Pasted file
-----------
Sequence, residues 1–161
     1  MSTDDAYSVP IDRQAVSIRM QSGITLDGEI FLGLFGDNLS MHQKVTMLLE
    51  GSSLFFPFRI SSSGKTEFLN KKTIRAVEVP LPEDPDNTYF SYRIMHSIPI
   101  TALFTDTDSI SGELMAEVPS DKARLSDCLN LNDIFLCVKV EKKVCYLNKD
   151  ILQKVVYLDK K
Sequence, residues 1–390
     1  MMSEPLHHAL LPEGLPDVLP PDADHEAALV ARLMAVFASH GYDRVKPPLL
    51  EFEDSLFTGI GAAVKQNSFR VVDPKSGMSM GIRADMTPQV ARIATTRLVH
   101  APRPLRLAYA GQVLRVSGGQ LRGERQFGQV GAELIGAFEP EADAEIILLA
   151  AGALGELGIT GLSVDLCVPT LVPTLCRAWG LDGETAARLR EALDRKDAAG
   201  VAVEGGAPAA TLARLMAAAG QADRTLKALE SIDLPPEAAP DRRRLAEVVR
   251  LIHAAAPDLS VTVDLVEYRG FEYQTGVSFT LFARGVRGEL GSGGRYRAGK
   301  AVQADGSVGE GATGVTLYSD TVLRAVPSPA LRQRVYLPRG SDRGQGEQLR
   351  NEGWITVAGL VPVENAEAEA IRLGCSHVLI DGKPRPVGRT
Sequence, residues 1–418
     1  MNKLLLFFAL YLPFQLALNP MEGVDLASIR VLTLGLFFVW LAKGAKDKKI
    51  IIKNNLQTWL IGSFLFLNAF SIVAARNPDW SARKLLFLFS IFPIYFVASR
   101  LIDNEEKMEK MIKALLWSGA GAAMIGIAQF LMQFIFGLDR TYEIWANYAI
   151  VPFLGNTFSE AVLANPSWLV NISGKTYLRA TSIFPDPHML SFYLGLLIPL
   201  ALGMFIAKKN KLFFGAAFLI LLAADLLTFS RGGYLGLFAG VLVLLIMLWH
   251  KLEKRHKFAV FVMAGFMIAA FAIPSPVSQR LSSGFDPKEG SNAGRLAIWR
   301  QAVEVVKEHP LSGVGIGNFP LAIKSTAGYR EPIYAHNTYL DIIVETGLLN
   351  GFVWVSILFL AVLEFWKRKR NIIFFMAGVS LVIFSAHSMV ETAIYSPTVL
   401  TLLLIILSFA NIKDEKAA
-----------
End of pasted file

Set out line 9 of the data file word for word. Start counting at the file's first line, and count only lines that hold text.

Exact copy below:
   101  APRPLRLAYA GQVLRVSGGQ LRGERQFGQV GAELIGAFEP EADAEIILLA